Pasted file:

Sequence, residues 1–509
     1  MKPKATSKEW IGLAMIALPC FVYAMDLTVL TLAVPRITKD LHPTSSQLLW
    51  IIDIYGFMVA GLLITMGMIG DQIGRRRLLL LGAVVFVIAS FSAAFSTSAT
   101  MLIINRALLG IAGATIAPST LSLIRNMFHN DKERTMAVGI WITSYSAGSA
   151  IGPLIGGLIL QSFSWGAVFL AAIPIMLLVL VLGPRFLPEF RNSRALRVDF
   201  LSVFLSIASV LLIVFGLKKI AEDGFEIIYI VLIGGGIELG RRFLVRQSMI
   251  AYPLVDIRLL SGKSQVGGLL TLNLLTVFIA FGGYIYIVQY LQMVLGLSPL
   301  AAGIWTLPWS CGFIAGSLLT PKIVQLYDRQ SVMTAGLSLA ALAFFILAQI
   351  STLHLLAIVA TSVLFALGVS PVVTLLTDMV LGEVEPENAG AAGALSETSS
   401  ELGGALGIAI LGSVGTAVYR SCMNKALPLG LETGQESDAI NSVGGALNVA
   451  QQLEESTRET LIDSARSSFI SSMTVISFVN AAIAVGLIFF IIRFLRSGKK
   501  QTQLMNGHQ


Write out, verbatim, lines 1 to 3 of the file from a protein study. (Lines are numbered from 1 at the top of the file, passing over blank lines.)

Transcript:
Sequence, residues 1–509
     1  MKPKATSKEW IGLAMIALPC FVYAMDLTVL TLAVPRITKD LHPTSSQLLW
    51  IIDIYGFMVA GLLITMGMIG DQIGRRRLLL LGAVVFVIAS FSAAFSTSAT